Posts Tagged ‘almond bread’

Almond Bread

There’s almost always a surplus of egg whites at our place.

These are usually turned into meringues, marshmallows or, if I’m feeling energetic, almond bread.

The secret to successful almond bread lies in the slicing – the thinner you can cut the slices, the crisper and more elegant the finished biscotti. I find it hard work, as the loaf is heavy and stiff, but the end results are always worth it.

This recipe  makes quite a large quantity, and we stash our surplus in airtight containers in the freezer – they defrost at a moment’s notice when guests arrive.

  • 3 egg whites
  • 1/2 cup (110g) caster (superfine) sugar
  • 1 cup (150g) plain (all-purpose) flour
  • 1 cup (150g) unblanched almonds
  • 1 tsp vanilla extract (we use homemade)

1. Preheat oven to 180C (360F) or 160C (320F) with fan.

2. In a large mixing bowl, beat the egg whites until stiff (but don’t overbeat), then gradually add sugar, beating until the mix is thick and glossy.

3. Using a metal spoon, fold in flour, almonds, and vanilla, mixing well but gently.

4. Turn the batter into a small loaf pan which has been lined with parchment paper, smooth out the top and bake for 30 minutes until golden brown.  Cool in the pan, then turn the loaf out (I usually leave the paper on), and wrap in foil. Refrigerate overnight.

5. The following day, preheat the oven to 150C (300F) or 140C (285F) with fan.  Remove the loaf from the fridge and cut it into thin, even slices using a strong but thin-bladed knife (sharpen it before you start) and lay them out on a parchment lined baking tray.   You’ll get lots of cookies, so make sure you have a couple of trays ready.  Be warned that this can be hard on your hands.  Some people use a mandolin to slice their almond bread, but I’ve never had any luck with this – the finished loaf is way too hard for my little hand-held cutter.

6. Bake the slices until golden and crisp. Start checking after 10 minutes – my last batch took about 18 minutes, but it varies depending on your oven and the thickness of your slices. Cool and store in an airtight container.

Tip: the aim is to get the slices thin enough so that they curl a little as they bake, but not so thin as to burn.  I didn’t quite manage that with most of mine, but these few wavy ones made me very happy!

Click here for a printable version of this recipe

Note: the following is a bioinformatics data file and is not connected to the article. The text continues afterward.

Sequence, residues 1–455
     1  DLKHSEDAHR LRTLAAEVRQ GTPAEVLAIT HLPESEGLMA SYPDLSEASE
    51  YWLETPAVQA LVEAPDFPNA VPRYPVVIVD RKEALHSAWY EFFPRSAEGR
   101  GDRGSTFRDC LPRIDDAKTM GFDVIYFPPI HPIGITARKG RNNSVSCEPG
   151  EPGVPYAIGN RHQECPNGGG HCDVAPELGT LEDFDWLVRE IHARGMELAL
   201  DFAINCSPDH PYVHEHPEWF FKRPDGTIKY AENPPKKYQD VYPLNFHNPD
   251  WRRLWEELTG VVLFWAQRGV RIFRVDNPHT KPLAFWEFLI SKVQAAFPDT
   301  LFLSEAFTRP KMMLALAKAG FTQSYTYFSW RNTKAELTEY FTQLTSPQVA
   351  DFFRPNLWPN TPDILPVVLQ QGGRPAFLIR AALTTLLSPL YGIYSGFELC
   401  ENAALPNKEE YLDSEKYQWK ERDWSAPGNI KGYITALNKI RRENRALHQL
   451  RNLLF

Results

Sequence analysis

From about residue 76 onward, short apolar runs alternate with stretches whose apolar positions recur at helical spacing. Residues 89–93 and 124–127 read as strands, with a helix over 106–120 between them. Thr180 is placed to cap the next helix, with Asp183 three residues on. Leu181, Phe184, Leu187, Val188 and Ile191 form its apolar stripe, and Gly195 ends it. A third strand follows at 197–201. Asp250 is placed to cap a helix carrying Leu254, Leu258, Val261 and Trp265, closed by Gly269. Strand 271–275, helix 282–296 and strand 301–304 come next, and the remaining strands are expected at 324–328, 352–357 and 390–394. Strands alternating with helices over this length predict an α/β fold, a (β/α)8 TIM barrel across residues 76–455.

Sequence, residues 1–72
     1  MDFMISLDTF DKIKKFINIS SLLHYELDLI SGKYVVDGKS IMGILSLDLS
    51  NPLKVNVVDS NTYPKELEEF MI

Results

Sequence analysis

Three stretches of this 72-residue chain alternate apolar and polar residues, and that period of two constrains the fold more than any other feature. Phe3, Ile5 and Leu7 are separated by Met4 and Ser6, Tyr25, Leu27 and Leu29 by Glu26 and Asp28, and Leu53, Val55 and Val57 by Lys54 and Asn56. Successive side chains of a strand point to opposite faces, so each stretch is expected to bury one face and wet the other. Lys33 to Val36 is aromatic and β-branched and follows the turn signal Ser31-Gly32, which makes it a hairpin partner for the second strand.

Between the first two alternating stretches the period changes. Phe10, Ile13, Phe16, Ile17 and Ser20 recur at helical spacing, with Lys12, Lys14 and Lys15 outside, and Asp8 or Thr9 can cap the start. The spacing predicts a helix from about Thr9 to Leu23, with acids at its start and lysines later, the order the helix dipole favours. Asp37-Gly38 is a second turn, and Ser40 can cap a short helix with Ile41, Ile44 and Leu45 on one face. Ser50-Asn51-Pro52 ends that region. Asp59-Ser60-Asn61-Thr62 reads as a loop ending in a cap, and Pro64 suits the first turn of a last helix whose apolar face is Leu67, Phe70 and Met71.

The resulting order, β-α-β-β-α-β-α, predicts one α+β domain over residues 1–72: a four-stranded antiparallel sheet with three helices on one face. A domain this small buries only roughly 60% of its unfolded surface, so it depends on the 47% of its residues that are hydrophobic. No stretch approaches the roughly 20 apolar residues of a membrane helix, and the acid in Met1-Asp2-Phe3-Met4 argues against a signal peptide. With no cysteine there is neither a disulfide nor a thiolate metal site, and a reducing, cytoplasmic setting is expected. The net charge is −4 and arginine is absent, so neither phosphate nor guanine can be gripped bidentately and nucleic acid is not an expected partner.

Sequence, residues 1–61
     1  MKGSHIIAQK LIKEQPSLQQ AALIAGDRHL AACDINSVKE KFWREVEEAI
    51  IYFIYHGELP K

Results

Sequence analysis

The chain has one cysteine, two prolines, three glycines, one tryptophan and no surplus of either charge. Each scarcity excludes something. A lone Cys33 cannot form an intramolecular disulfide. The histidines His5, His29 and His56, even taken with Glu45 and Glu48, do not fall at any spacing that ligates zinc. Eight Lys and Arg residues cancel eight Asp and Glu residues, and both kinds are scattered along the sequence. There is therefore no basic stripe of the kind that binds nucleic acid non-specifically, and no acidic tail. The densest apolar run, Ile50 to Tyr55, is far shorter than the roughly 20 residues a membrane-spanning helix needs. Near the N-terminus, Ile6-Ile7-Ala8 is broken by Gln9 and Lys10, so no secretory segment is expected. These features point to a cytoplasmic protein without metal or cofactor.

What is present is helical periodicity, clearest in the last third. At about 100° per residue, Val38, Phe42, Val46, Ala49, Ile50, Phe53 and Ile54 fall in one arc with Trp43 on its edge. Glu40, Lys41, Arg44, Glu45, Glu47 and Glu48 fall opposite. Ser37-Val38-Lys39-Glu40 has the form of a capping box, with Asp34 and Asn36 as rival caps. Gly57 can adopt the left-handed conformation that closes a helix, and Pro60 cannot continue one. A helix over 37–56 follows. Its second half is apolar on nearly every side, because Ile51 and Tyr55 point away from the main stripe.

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I hope you all had a wonderful Christmas!

Ours was the perfect combination of faith, family, friends and food. Nearly all the gifts we received were edible and many of them homemade, which made them all the more special.

Andrea’s mum, Iris, made us a loaf of her Pan de Pascua.  Even though it translates literally to “Easter bread”, it’s traditionally eaten at Christmas in their native Chile. It’s richly flavoured with walnuts, dried fruits and subtle spices – sort of a cross between fruit cake, raisin toast and tea cake.  Iris’ recipe is an old family secret, so even if I can beg it from her, I won’t be allowed to share with you. So far all she’s confirmed is that it doesn’t have ginger in it…

Carol very kindly baked me some of her almond bread for Christmas, since she knows how much I love it!

Diana and I are both big fans of The River Cottage series, so when she saw medlar jelly at her local country markets, she bought us a jar to try.  It’s a deep amber colour and very softly set.

The Little General EVOO is one of our favourite gourmet oils – lovely neighbours Pete and El have kept us in stock for yet another year..

Dottie gave us a jar of her delicious yellow bean soy dressing – it was the perfect accompaniment to our leftover Christmas chicken!

My wonderful cousins gave us a set of hand-painted espresso cups and a jar of homemade cookies, which included these beautiful stained glass treats.

These are my aunt’s special achar pickles – sweet, hot and delicious.  They only last about two days in our house!

Gourmet treats from Cliff and Kathy included jars of organic fig relish, black olive pate, and New Zealand Beechwood Honeydew honey. The  honey is unique in that it’s not created from the nectar of flowers, but rather from the excretion of tiny insects that feed on the bark of the beech tree.

The chocolate teddies are from Aunt Anna, and I just managed to keep them from the boys long enough for a photo.

Maude made me jars of her lime pickle (which I love, but am always too lazy to make) and also gave us a bottle of porcini oil, which will be perfect in Pete’s wild mushroom risotto.

Joyce and Marty brought us a packet of single origin chocolate from their recent trip to the Margaret River in Western Australia.  These 75% cocoa buttons are from Tanzania.

Cousin Andrew grows Corregiola and Manzanillo olives in the Cudgegong Valley river flats in Mudgee, NSW and cold presses them into this very special extra virgin olive oil.  It’s fruity and full-bodied, with a delicious pepperiness.

Finally, a couple of very special bottles – the 2003 vintage rosé Moët  & Chandon is a gift from the gorgeous Terri, and the citrus (lemon) vodka was given to us by our old friends and neighbours, PeteV and Nic.  Does anyone have suggestions of what I can use the vodka for?  I don’t need any help with the Moët…

Did you give or receive any exciting food gifts this Christmas?  We’d love to hear about them!

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